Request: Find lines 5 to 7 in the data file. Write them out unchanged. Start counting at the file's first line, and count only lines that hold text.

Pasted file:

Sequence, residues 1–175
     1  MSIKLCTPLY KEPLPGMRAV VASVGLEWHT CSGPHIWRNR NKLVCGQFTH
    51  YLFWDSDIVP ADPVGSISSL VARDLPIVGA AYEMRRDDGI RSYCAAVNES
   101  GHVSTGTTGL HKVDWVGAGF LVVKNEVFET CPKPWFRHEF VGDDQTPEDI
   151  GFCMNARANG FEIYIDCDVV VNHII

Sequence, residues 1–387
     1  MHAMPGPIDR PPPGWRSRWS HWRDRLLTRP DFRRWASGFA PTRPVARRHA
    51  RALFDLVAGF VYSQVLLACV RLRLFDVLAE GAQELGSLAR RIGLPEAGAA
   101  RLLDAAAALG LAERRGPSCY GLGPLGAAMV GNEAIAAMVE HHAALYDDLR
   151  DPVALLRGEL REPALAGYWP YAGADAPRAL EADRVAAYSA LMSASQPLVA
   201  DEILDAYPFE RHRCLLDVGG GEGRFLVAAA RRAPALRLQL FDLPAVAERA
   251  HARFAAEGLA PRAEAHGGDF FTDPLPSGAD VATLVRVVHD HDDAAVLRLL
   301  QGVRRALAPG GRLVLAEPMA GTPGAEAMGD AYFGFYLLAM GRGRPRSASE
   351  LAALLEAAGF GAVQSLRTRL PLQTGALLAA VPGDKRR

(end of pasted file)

   151  GFCMNARANG FEIYIDCDVV VNHII

Sequence, residues 1–387
     1  MHAMPGPIDR PPPGWRSRWS HWRDRLLTRP DFRRWASGFA PTRPVARRHA